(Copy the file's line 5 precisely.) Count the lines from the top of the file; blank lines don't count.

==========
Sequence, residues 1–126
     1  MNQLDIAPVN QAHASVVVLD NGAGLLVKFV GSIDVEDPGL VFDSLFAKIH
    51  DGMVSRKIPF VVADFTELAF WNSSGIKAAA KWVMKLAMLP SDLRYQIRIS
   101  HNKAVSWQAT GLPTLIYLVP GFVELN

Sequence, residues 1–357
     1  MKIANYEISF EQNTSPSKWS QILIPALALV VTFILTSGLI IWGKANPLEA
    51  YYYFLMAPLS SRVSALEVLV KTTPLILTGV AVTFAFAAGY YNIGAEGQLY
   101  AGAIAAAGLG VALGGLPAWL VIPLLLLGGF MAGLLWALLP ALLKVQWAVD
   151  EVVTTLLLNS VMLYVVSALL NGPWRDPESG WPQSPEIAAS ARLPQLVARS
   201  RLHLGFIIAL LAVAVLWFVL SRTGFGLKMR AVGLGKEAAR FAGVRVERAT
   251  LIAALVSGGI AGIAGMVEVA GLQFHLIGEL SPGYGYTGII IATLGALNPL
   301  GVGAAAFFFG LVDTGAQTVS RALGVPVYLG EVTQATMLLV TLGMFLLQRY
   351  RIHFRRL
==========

Sequence, residues 1–357